[Osmf-talk] Should there be ethical standards for corporate members?

Christoph Hormann chris_hormann at gmx.de
Sat Feb 9 16:46:45 UTC 2019


On Wednesday 30 January 2019, Frederik Ramm wrote:
>
> What are our expectations regarding the behaviour of corporate
> members in OSM and in the OSMF?

(Belated answer here after being reminded by weeklyOSM)

Currently i have no expectation because i know there are none that can 
realistically be assumed to be met - at least not specifically for 
corporate members in contrast to corporations in general.  The other 
side of this is that it also means there is no assumption of good faith 
for collective corporate member activity in OSM in my eyes as it would 
apply to actions of individuals.

What i would however indeed expect from the OSMF is to make sure that 
the actions of corporate members do not clash with the goals of the 
OSMF and the interests of the OSM community and i would very much 
support requiring acceptance of documented standards for becoming a 
corporate members and violation of such standards as grounds for 
terminating membership of corporate members.  And i hope my introductory 
comment illustrates that this would also be an advantage to the 
corporate members - it could even be presented as a significant 
additional benefit of corporate membership, that corporate members are 
companies that not only contribute financially but that have also been 
certified by the OSMF to have agreed to certain standards of 
interaction with OSM.

Corporations/Organizations have both the option to make donations to the 
OSMF and to become corporate members so imposing some standards on 
corporate membership would not prevent them from supporting the OSMF if 
they for some reason cannot accept these - it would just limit the 
options.

Care would need to be taken to make sure such standards are not 
abused for political or cultural discrimination of organizations in 
becoming members.  Such standards should be limited on aspects of 
direct significance for OSM and not involve any moral judgements beyond 
that.  So aspects like minimum wage, work safety, environmental 
protection or discrimination of various sorts - as important as they 
are - should have no place in such standards.  OTOH a rule like 
companies need to employ locals for systematic mapping efforts rather 
than remote mappers is something that could be discussed.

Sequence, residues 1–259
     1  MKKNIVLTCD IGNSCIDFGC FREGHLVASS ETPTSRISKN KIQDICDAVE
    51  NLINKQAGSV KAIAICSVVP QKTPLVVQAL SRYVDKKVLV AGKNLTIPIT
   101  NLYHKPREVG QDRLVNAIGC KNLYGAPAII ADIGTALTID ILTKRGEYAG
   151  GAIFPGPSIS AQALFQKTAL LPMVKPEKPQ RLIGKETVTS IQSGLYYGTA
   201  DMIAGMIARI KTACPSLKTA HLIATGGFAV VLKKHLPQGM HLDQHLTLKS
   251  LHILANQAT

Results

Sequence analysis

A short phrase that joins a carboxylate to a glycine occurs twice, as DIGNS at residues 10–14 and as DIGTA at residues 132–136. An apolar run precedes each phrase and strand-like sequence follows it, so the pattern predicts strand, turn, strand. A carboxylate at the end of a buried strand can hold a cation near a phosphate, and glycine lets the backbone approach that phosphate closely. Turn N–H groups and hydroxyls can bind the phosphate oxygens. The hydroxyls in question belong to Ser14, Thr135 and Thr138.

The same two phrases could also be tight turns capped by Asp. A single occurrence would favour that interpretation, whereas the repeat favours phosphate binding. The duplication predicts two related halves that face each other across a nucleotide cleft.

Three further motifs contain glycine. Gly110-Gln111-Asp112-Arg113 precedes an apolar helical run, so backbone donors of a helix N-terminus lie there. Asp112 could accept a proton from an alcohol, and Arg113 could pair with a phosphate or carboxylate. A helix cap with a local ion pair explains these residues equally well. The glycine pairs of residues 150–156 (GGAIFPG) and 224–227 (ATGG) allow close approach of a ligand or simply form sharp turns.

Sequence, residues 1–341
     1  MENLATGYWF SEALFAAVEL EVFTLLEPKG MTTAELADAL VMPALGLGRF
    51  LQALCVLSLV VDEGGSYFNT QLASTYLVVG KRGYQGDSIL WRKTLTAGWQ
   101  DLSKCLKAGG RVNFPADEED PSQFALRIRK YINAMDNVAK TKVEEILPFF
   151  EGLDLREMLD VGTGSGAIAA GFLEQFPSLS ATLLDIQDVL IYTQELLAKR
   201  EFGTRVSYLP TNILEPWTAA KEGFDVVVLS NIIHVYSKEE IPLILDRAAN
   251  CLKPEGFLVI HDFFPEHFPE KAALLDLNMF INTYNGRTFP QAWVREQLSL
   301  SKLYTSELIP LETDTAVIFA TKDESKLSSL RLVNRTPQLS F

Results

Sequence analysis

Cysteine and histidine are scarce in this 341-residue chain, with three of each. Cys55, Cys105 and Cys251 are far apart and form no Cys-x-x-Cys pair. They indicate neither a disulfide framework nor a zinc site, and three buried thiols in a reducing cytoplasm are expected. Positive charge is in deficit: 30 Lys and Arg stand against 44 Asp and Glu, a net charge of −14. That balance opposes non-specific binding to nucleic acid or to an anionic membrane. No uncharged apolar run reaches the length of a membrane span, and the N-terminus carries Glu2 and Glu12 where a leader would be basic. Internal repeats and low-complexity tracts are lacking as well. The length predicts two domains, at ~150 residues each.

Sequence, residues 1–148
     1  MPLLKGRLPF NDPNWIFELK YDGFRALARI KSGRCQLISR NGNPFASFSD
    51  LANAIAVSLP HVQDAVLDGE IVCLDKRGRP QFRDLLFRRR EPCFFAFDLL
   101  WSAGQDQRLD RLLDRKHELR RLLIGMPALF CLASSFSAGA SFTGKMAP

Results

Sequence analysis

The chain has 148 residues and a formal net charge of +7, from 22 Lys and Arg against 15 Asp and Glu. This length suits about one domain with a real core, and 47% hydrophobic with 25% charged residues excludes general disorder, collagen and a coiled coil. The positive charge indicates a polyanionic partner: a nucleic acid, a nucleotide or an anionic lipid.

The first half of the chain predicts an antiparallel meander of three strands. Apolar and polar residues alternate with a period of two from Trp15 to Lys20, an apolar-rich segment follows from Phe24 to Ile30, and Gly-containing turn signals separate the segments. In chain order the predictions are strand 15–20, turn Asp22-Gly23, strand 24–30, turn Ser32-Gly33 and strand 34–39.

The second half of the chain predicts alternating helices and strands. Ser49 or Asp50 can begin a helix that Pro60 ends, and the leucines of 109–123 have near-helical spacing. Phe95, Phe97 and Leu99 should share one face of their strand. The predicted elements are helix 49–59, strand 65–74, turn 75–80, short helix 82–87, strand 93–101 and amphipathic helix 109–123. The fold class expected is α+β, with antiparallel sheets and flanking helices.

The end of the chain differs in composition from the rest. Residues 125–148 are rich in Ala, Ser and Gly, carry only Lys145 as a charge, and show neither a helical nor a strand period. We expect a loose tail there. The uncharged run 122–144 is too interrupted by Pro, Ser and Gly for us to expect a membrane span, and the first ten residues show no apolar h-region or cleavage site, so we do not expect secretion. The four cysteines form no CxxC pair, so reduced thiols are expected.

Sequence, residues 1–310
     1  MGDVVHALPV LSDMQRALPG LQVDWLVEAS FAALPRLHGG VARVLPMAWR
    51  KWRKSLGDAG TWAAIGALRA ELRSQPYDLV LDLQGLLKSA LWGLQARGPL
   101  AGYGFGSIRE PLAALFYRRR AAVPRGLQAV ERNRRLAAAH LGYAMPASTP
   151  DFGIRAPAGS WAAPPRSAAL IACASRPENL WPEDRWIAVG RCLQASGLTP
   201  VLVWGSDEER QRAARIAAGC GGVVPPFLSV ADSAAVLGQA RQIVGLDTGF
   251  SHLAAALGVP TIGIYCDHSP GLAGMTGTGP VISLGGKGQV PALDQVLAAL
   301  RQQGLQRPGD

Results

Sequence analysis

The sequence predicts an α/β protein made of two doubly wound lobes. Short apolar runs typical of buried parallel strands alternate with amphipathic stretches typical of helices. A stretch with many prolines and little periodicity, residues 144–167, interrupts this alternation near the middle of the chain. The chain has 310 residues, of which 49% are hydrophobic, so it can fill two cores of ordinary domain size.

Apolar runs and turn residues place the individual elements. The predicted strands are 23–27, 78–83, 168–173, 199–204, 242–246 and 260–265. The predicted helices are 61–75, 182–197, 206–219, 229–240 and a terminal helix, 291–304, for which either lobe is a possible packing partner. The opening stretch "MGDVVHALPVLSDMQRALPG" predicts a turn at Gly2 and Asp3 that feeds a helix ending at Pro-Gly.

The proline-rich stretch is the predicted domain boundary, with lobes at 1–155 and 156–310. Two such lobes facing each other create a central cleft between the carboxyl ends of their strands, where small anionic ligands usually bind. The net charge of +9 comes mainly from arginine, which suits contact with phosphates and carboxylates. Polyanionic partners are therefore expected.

Fields i would think could be well covered in such a rule set:

* standards of communication with the OSM community (publishing a 
working non-discriminating contact channel for inquiries and complaints 
from the community and respectfully reacting to any on-topic input 
received this way).
* standards of compliance with the OSM license, appropriate reaction to 
complaints about this.
* compliance with community conventions regarding any activities in the 
community (map editing obviously but also participating in 
communication channels for example), being open and transparent about 
any direct or indirect corporate involvement in the project.

I am not for rules against negative remarks on OSM in public.  I don't 
really think that is necessary and it is not in the interest of OSM to 
suppress or discourage critical discourse about the project.  A 
corporate member should be free for example to publish a report on data 
quality in OSM even if that sheds a bad light on OSM.

What i could well imagine is a standard that corporate members agree not 
to mis-represent OSM in their public communication, i.e. making 
factually incorrect statements.  This would give the OSMF and the OSM 
community a possibility to counteract such statements below the 
threshold of threatening legal action.

The main problem i see with the whole thing is however that i have 
doubts that the OSMF is currently able to develop a meaningful (in 
other words: not whitewashed to a level of being fairly pointless) 
ruleset and bring this to being actually adopted.  On the other hand 
this would also make it a good opportunity for the OSMF to actually 
show this is possible and proove me wrong. :-)

-- 
Christoph Hormann
http://www.imagico.de/



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